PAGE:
I’ve been saying it for a few years now, but it’s gotten so “time doesn’t mean anything anymore” that I completely forgot it was my knitaversary until several days later, which does not mean the craft is any less central to my daily life. It’s still the focus of nearly all my spare attention and a reliable source of joy.
In looking back over the past year’s knits, I’m a little surprised to see that the overall tally is so much lower than last year (23 compared to 47 the year before). I’m still not doing this for the numbers, though, so it’s not a negative assessment—just a measurable reminder that my attention was turned to other things more this past year than the year before. I’m still doing most of the cooking, I’m volunteering once a week now (more on that later), and I got much less knitting done on the 2023 road trip because Mom relinquished the driver’s seat more on this trip.
All in all, though, I’m really pleased with the things I made, including two sweaters for my mother (that she adores) and seven pairs of socks gifted to friends and family. One of them was even a men’s size 13, by far the biggest socks I’ve made thus far—and they fit perfectly! I’ve used the same pattern for socks more than 25 times now (that’s a Ravelry link, FYI), and it hasn’t failed me yet.
Here’s my annual review of my knitting life over the past year.
Hours spent knitting per day: I think I’m knitting a little less per day than I was last year, maybe 4-5 hours per day on average lately.
Bins of yarn under my desk: 5 (This is unchanged for many years now, although I did do the reorganizing I mentioned last year. I moved the “background yarn for something” to occupy half of the multicolored yarn bin, so the bin of more interesting black/gray/white yarn is easier to rummage through. The orange/red bin remains overstuffed, even after I moved the yellow yarn in with the blue/green yarn. I have a couple SQs of orange yarn in there, so as soon as I can start on one of those projects it won’t be quite so ridiculous.)
2023 projects completed: 23, although several were sort of group projects on Ravelry, in that I made (for instance) four sweater ornaments that are listed as one project
- blankets: 0
- cardigans: 0
- cowls: 3
- dischloths: 0
- hats: 3
- headbands/wraps: 3
- mitts: 0
- ornament sweaters: 8
- pullovers: 7, including two for my mother, one for a friend, and one sample
- shawls: 1
- slippers: 0
- socks: 11 pairs, 7 of which were gifts
- stuffies: 0
Some non-number notes from the past year:
- I started work on the most involved cable project I’ve ever done, a sweater with cables almost all over the front and back, and I am so happy with how it’s going. I was sailing toward the part where I’d join the arms (it’s a bottom-up design) when I realized that without any bust darts it wouldn’t fit me the way I’d want it to… And it’s just too nice of a project to have it be not-quite-right. I’ll be taking an online class in a few weeks to learn to add bust darts to an all-over pattern, so I’m feeling confident that I’ll be able to finish the sweater soonish.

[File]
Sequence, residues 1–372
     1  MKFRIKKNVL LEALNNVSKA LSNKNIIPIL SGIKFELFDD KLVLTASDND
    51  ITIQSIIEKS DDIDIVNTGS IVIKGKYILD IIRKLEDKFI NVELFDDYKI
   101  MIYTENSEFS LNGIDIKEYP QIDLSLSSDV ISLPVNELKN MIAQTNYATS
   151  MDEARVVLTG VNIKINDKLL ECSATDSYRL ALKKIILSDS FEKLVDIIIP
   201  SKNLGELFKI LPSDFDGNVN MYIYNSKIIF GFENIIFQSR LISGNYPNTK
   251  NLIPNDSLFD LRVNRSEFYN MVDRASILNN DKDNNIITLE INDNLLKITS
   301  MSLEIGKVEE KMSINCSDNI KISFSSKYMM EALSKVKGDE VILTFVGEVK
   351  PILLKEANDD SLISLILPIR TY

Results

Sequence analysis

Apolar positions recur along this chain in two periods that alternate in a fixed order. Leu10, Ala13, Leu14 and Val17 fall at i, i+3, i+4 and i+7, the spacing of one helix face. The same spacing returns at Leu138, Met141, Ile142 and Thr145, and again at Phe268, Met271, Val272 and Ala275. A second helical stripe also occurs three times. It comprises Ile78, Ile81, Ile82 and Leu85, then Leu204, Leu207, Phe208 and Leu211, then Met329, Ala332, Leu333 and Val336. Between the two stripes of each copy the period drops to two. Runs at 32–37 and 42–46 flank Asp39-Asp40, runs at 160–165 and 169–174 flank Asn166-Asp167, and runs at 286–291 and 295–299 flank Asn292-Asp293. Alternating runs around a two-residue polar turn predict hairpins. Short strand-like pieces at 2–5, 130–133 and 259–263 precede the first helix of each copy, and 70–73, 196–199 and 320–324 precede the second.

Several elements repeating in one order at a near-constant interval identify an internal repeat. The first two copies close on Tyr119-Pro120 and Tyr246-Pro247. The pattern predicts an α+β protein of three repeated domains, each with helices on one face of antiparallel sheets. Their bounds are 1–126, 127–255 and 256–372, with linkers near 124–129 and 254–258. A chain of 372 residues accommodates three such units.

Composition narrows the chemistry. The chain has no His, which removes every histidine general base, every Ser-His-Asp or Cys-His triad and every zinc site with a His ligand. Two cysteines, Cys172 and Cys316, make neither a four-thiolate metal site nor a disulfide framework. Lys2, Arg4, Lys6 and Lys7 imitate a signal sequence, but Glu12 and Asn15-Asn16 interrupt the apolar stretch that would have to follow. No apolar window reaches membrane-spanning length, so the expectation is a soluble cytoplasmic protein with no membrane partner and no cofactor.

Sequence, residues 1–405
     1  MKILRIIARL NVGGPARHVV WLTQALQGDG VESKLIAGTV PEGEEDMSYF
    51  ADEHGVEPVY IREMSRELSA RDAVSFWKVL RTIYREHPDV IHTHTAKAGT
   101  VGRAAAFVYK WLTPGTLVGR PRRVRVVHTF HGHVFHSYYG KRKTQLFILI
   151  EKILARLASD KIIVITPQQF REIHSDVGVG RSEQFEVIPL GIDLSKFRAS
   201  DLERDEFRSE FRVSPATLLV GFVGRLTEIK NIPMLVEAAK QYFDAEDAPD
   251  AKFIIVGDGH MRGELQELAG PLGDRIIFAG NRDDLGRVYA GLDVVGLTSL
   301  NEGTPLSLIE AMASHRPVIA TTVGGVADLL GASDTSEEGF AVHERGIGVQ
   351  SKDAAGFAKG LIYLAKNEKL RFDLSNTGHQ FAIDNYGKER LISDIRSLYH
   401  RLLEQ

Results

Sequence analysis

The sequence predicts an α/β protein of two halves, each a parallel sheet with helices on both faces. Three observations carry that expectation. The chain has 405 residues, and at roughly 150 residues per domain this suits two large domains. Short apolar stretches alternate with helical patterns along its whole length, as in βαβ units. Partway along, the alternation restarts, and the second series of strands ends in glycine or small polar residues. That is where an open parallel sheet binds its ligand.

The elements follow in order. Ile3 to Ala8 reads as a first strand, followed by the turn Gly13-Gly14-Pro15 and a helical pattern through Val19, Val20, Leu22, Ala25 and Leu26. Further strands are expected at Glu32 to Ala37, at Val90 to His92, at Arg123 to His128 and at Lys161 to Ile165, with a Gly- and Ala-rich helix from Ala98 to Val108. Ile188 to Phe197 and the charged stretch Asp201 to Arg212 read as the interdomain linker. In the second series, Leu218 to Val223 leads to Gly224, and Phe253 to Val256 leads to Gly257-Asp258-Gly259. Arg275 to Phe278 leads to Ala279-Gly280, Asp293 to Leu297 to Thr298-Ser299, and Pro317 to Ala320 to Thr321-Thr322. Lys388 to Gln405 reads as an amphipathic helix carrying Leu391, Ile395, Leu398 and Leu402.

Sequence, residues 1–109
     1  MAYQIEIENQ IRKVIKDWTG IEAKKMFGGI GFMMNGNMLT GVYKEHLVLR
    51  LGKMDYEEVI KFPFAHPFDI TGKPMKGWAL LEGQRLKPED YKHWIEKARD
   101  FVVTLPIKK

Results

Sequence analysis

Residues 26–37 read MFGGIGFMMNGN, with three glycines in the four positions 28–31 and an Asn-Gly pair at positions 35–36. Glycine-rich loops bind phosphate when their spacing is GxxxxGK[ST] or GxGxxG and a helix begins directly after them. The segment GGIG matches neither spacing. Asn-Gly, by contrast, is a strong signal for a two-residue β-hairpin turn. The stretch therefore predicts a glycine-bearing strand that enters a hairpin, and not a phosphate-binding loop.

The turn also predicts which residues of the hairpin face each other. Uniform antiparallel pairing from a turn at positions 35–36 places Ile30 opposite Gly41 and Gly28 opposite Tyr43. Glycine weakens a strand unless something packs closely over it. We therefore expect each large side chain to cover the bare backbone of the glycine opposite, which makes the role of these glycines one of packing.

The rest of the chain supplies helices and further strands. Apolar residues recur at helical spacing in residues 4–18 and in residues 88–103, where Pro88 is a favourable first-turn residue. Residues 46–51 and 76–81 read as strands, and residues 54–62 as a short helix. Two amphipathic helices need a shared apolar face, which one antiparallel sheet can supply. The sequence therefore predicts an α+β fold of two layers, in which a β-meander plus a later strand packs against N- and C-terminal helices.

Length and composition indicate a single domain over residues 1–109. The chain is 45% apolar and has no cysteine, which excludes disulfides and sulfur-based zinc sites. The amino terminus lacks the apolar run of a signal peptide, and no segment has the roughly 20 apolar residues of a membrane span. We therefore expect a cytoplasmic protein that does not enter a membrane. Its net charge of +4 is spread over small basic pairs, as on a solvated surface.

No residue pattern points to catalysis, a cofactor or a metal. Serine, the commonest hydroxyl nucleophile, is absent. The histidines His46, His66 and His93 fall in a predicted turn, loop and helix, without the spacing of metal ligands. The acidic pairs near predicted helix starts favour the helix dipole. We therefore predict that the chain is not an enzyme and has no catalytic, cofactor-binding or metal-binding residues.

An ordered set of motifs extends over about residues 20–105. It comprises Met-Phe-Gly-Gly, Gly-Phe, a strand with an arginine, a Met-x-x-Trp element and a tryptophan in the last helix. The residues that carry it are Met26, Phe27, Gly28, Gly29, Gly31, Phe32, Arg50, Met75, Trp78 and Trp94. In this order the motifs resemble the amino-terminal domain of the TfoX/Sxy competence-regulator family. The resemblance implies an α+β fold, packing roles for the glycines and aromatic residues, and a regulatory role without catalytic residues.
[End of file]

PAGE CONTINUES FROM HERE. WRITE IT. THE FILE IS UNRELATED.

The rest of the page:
- That cabled sweater uses yarn I got on the 2022 road trip with Mom, and I’m glad it didn’t sit in my stash for ages. I still have a few SQs that have been in my possession for too long, so I’m hoping to start another project later this year (when the cabled one is done) using one of the older SQs.
- I’ve resigned myself to the fact that I don’t really want to learn how to do all the grading required to design garments, but it turns out I don’t need to. There are people who will do the grading for you, which is a thing I only learned recently, and which I will gleefully take advantage of when my budget allows.
- In the meantime, I still haven’t released the hat pattern that was inspired by the carvings of the Nasrid Palace, something I was kind of hoping to do last year. And that’s fine. I’ll get to it someday, or I won’t, and I’m going to give myself grace either way.
- I started volunteering at Rose Haven Day Shelter & Community Center in downtown Portland this past summer. I co-lead the yarn group on Friday mornings—we teach people to knit or crochet, we make pom poms, and we sit and chat with folks who are also working on projects. It’s become one of my favorite parts of my week, full stop, and has reminded me why I liked working in the nonprofit world so much in my early post-college life. Being in community with people who embody compassion and kindness so deliberately and enthusiastically reaffirms my faith in humanity… And that’s something we can’t have enough of these days.
For previous installments of this series, click here.